Migration strategy wanted to eliminate the redundant ORM layer in the new architecture and have the applications communicate directly with the database. However, this brought about a new challenge. There are more than eight applications that connect to the database and it was impossible to update all the applications at the same time. Moreover, this would have created an additional risk for migration with so many moving pieces requiring precise co-ordination among the application teams to release together. solved the challenge by using a strangler pattern approach where all the consumer applications were slowly moved to DynamoDB. For this, had to write a service that would simultaneously write all new changes to both MySQL and DynamoDB. This meant 100 percent of the write traffic was sent through the message service. This message service was used to slowly migrate one application at a time to the new database. This approach helped reduce the risk of sending 100 percent of the read traffic to DynamoDB at once while also providing a way to quickly resolve issues that might arise as more of the data was moved to the new solution.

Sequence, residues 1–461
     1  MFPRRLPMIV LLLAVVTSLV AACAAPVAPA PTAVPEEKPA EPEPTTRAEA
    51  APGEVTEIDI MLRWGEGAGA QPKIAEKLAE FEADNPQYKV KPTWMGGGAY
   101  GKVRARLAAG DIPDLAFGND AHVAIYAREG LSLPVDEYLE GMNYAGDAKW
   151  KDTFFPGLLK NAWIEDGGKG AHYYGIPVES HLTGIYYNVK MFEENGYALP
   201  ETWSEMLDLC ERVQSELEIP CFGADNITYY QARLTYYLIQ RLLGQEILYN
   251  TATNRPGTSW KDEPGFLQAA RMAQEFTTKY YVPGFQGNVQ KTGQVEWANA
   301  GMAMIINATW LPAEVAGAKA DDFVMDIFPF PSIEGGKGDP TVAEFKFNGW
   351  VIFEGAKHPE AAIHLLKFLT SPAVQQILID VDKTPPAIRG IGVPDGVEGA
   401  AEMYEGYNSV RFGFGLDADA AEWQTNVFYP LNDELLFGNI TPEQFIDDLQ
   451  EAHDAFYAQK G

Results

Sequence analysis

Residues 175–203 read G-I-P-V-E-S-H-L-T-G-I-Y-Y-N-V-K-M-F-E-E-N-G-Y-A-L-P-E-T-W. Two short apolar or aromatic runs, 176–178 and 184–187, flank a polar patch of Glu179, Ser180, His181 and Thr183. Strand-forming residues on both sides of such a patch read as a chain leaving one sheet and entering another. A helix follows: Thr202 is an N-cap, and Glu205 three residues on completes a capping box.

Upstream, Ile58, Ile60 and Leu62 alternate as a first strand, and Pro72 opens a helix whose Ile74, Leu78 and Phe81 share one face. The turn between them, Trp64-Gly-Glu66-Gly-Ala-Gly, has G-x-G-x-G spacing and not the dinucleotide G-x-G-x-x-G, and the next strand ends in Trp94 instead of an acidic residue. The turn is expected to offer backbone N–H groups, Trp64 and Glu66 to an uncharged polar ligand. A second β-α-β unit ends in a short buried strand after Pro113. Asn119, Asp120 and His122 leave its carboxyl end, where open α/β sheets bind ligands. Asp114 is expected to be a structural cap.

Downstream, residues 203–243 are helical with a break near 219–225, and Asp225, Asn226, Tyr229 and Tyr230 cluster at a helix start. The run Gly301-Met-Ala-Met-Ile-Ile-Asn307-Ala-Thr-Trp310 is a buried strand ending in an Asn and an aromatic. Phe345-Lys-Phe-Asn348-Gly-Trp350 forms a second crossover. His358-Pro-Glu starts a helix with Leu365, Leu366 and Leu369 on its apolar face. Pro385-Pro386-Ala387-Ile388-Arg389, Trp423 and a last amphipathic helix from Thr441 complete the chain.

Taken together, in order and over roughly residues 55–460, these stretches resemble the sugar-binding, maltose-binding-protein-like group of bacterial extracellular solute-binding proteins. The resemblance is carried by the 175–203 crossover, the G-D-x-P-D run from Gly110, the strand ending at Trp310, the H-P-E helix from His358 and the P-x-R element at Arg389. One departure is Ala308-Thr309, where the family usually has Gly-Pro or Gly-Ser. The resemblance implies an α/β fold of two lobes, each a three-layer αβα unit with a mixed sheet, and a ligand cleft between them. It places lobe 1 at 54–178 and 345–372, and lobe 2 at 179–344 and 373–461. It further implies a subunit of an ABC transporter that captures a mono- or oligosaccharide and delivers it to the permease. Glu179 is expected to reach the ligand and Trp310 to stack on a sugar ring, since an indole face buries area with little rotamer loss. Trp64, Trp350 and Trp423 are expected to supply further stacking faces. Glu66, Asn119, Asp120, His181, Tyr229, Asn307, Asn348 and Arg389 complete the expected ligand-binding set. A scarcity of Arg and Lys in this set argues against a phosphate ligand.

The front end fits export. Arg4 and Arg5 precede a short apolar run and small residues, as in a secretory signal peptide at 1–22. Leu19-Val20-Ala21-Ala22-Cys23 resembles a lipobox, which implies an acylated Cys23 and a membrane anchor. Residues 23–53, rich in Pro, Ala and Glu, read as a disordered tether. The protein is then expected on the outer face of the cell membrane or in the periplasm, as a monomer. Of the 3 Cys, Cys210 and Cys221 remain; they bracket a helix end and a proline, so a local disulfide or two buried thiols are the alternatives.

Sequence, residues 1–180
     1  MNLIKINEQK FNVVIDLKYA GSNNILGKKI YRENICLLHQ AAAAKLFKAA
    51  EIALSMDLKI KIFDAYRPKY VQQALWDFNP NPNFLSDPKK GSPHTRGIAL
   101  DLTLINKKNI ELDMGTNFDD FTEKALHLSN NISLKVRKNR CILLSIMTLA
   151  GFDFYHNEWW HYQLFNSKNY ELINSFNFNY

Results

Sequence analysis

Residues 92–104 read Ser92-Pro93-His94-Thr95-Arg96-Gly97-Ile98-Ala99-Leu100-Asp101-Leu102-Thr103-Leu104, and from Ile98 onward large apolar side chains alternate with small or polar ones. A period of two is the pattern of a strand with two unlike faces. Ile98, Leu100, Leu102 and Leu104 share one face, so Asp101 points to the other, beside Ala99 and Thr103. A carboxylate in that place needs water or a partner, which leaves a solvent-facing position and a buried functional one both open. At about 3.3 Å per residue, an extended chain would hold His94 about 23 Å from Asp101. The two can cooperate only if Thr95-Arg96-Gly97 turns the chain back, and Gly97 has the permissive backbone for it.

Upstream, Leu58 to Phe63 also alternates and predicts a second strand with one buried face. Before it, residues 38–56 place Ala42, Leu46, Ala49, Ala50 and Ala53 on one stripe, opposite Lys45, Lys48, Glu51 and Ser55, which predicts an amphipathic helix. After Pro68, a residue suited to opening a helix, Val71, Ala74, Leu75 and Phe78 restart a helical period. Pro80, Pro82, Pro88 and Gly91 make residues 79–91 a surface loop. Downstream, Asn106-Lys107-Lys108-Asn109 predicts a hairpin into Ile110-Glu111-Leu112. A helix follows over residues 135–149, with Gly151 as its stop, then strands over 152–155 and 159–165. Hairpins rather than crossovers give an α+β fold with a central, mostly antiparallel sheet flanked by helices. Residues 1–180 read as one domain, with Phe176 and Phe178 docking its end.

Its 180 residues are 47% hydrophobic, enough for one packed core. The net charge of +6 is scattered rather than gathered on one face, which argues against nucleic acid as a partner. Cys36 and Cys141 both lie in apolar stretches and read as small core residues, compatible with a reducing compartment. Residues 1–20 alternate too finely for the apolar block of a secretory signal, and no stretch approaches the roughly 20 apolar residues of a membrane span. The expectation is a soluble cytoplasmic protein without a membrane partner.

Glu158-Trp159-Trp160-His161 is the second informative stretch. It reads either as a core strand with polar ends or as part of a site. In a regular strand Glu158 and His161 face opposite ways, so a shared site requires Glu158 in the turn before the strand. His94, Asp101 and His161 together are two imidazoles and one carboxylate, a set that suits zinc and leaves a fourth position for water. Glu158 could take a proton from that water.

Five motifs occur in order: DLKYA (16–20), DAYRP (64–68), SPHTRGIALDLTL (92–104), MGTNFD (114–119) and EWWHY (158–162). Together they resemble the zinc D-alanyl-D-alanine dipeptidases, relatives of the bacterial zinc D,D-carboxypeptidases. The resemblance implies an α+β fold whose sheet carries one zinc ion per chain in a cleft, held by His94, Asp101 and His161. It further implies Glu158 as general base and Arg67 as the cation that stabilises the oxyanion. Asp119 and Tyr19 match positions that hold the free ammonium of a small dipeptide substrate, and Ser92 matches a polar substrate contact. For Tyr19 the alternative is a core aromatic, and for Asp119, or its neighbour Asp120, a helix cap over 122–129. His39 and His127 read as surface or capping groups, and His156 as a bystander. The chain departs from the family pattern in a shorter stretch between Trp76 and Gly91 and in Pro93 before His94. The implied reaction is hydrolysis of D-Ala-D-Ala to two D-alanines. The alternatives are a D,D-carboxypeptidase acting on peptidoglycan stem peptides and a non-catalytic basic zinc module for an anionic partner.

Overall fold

Cost optimization used a two-pronged approach to optimize the cost of the new database. In the beginning, the database was provisioned in on-demand mode for 3 months to ensure that the performance wasn’t restricted while studying the write capacity unit (WCU) and read capacity unit (RCU) behavior. This was also driven by the fact that the traffic patterns weren’t really known on the new database and be sure there were no performance dips at any point in time. Figure 3 that follows shows the graph used to understand the WCU and RCU patterns over 3 months.

Figure 3: Graph of WCU and RCU over 3 months

Figure 3: Graph of WCU and RCU over 3 months

The graph in Figure 3 shows that the application is read heavy with both the WCUs and RCUs following a saw-tooth pattern. The peaks and valleys were used from the graph to derive the right provisioned capacity settings. The valleys were used to set the minimum for WCU and RCU, and the peaks plus 25 percent were used to set the maximum value for the auto-scaling policy for provisioned capacity mode.

Figure 4: Cost explorer view for DynamoDB OnDemand compared to provisioned capacity mode

Figure 4: Cost explorer view for DynamoDB OnDemand compared to provisioned capacity mode

The preceding figure—Figure 4—shows cost optimization of at least 60 percent by switching to provisioned capacity mode without compromising performance. Provisioned capacity was one of the most crucial strategies to ensure read/write performance for the latency-sensitive consumer applications connected to this database.